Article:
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Seeing if data is normally distributed in R

I have 6 sets of residuals (fit - model) that I am testing for normality (I am trying to demonstrate that the deviation from the model is within instrumental noise).

The kernel density plots of all of them look approximately Gaussian, and the qqnorm plots look good. I have run all of them through two normality tests: shapiro.test {base} and ad.test {nortest}. These tests show that all the data sets are normal (p>>0.05, accept the null hypothesis of normality) except one. Usually I would not question these results, but the test that is coming back as 'not normal' (p<0.05, reject the null hypothesis of normality) is from the data set that looks MOST gaussian... I am confused, and would appreciate any help!

Here is the matrix of my residual kernel density plots, with the p-values from Anderson-Darling normality tests (ad.test) noted. All graphs are on the same scale (x & y). The non-normal peculiarity is the CvsD graph marked in red.

Here is a link to the data for the CvsD comparison.

Why aren't these residuals normal!?

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marked as duplicate by Chase, DWin, Jilber, mnel, Jaguar Nov 12 '12 at 3:01

This question has been asked before and already has an answer. If those answers do not fully address your question, please ask a new question.

I don't think this is a duplicate, since he's asking about a specific problem that arises from those tests. As to normality - sorry to get all philosophical, but as great as normality tests are, computers are still nowhere near the power of the spatial analysis of the human brain. Use cuts and plot(CD_resids) to see where skews might exist, and compare that with rnorm randomly generating a sample size of 328 a bunch of times. –  Señor O Nov 9 '12 at 15:28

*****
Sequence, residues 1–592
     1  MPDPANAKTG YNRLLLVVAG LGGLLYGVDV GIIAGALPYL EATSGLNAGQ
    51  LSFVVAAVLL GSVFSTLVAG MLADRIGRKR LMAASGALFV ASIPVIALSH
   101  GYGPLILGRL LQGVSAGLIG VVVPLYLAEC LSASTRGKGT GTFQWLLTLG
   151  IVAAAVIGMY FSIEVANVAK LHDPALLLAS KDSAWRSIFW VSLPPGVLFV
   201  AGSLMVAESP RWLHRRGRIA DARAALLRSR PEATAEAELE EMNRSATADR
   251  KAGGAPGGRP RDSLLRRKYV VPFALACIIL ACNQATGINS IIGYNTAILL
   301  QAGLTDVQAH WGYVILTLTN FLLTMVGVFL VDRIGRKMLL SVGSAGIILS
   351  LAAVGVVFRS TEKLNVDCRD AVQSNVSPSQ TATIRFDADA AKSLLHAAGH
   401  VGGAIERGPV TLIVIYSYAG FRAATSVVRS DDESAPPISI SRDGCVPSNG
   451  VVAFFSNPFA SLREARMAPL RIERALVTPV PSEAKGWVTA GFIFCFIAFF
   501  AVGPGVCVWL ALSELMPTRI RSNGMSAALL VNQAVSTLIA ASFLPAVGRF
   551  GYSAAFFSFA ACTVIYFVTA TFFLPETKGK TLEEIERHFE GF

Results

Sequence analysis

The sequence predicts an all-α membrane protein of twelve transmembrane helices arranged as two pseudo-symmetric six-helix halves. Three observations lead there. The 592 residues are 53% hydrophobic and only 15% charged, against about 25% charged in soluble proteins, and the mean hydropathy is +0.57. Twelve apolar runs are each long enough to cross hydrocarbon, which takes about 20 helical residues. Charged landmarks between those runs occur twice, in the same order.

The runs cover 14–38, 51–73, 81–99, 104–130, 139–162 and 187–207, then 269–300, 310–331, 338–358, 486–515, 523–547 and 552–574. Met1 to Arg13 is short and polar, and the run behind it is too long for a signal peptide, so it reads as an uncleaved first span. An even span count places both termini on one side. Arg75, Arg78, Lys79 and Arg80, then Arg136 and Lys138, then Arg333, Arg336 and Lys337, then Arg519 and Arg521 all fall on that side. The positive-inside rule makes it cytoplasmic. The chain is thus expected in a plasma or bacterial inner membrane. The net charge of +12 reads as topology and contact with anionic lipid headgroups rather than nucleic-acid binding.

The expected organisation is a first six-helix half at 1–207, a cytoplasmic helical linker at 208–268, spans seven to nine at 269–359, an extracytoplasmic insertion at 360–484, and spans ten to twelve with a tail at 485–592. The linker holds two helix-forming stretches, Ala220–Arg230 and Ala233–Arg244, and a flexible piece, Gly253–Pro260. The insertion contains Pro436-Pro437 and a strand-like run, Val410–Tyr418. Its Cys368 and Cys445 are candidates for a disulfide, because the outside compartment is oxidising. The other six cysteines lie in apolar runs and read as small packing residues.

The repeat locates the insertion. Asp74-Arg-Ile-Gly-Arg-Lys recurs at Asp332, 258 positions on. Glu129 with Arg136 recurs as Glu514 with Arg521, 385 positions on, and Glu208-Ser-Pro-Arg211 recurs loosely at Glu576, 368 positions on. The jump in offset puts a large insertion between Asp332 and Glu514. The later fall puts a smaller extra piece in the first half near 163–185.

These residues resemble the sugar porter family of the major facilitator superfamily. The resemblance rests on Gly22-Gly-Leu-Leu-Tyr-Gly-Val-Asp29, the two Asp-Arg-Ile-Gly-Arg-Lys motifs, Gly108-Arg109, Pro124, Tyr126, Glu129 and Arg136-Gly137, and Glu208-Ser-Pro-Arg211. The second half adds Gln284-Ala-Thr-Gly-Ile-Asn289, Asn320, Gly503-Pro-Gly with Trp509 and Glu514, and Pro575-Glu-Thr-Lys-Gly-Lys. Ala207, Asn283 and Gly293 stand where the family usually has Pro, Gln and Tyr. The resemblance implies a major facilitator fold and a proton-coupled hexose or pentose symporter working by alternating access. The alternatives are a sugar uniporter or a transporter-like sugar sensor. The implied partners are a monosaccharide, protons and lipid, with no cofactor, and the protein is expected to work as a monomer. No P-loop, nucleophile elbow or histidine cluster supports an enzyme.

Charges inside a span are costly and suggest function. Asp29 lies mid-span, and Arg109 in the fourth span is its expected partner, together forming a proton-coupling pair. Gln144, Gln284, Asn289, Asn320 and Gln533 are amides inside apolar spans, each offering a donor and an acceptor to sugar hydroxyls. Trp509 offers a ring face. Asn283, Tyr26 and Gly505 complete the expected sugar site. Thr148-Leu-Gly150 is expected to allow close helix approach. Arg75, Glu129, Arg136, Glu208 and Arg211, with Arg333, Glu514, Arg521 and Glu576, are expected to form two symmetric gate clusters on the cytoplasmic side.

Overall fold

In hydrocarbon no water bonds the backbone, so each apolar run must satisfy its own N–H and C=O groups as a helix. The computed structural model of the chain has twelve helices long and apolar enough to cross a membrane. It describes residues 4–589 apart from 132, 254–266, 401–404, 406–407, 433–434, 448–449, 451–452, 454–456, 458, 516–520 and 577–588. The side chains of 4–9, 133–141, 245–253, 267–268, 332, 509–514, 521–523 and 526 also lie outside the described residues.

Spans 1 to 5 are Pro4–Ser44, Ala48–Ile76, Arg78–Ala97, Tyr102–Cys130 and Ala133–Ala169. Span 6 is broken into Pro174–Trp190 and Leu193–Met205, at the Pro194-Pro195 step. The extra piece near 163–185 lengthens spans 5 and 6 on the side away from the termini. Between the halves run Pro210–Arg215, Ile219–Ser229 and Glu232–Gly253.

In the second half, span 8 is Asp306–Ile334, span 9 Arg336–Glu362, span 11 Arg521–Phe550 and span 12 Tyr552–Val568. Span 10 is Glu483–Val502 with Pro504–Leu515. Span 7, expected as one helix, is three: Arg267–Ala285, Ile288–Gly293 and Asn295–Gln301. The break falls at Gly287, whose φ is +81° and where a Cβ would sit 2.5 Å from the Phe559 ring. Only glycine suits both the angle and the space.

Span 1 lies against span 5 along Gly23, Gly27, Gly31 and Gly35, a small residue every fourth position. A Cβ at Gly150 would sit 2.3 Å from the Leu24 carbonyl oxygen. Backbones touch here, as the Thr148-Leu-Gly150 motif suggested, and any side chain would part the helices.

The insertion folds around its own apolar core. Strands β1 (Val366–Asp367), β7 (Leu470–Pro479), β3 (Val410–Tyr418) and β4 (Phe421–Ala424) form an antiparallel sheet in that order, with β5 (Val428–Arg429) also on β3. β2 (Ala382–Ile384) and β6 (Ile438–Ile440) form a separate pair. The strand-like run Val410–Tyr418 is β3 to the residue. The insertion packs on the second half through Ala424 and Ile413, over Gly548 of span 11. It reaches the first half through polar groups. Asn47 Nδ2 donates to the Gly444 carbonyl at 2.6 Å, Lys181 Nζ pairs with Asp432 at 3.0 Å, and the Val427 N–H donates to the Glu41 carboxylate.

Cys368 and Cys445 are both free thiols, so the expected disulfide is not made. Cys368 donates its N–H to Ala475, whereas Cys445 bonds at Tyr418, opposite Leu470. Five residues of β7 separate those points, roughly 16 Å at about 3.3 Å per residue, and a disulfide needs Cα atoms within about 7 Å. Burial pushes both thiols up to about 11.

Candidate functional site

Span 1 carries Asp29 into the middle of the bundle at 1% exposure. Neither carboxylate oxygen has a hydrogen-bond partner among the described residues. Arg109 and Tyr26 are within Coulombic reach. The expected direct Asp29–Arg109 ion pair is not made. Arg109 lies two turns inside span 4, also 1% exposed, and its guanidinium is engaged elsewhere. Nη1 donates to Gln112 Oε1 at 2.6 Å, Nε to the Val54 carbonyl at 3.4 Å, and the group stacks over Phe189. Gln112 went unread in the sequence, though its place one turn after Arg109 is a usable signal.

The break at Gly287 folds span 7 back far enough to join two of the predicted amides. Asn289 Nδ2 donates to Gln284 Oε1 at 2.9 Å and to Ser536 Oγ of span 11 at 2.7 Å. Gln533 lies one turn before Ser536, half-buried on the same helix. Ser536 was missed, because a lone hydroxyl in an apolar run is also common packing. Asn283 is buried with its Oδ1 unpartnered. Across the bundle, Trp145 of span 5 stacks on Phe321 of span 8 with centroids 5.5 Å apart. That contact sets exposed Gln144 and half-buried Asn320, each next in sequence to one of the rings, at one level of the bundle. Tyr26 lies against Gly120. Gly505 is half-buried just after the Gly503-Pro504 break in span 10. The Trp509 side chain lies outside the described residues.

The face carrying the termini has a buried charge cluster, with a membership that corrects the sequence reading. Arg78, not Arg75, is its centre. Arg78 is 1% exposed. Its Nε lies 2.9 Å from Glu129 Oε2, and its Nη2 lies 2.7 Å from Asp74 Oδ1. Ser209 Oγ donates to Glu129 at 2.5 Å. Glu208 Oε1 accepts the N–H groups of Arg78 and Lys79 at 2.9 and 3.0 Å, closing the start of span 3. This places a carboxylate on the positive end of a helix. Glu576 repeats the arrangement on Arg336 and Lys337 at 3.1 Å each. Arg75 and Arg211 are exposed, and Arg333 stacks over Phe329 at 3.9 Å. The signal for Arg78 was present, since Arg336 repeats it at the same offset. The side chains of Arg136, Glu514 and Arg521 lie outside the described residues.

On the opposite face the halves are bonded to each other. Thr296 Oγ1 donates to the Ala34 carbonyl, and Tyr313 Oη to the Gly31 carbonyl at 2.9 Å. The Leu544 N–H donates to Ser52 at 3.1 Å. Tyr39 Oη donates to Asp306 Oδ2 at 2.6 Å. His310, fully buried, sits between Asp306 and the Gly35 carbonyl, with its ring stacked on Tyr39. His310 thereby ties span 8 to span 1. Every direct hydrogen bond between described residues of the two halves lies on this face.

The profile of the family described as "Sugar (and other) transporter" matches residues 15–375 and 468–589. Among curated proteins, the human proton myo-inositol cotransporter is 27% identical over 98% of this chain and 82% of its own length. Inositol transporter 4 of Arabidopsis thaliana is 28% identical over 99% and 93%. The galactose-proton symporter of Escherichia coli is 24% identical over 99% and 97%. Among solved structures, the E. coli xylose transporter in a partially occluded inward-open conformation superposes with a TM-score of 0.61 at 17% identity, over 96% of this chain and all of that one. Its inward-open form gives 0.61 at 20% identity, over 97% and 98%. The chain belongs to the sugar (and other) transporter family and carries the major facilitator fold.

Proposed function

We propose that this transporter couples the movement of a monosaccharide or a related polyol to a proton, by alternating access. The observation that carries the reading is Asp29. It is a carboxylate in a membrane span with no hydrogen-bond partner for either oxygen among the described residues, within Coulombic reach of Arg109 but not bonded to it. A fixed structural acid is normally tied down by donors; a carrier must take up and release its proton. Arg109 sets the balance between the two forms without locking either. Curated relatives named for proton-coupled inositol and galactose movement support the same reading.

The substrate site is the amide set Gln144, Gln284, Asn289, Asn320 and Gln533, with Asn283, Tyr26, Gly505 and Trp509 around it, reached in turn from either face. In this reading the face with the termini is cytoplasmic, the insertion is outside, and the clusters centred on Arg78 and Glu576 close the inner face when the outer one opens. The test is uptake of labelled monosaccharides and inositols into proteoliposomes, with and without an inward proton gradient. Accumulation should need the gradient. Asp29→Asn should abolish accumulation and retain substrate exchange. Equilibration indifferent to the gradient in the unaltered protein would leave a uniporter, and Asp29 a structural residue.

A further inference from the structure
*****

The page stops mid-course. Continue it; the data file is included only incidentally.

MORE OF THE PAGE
Is it possible that the n of the CvsD comparison is a lot higher than for the other sets? If so, the lower p value may just be an artefact of that, cf. @DWin's comment. –  Stephan Kolassa Nov 9 '12 at 19:55

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up vote 1 down vote accepted

In fact, this does not look very Gaussian to me; more like t distribution with a large n -- it is much more "spiky" than a normal curve. Both ad.test and the shapiro test return p < 0.05 (shapiro.test on your data returns p = 0.002655).

However, note that the usefulness of normality tests is contested; see for example this question. Basically, for large sample sizes even small deviations from a normal distribution are penalized and H0 is rejected.

That said, I still believe -- given that you only have 328 sample size -- that in your case the distribution is not really normal.

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A t distribution with a large n is virtually indistinguishable from a normal distribution, especially just by sight. And whether it's more or less "spiky" only depends on the variance of the normal distribution. –  Fojtasek Nov 9 '12 at 15:20

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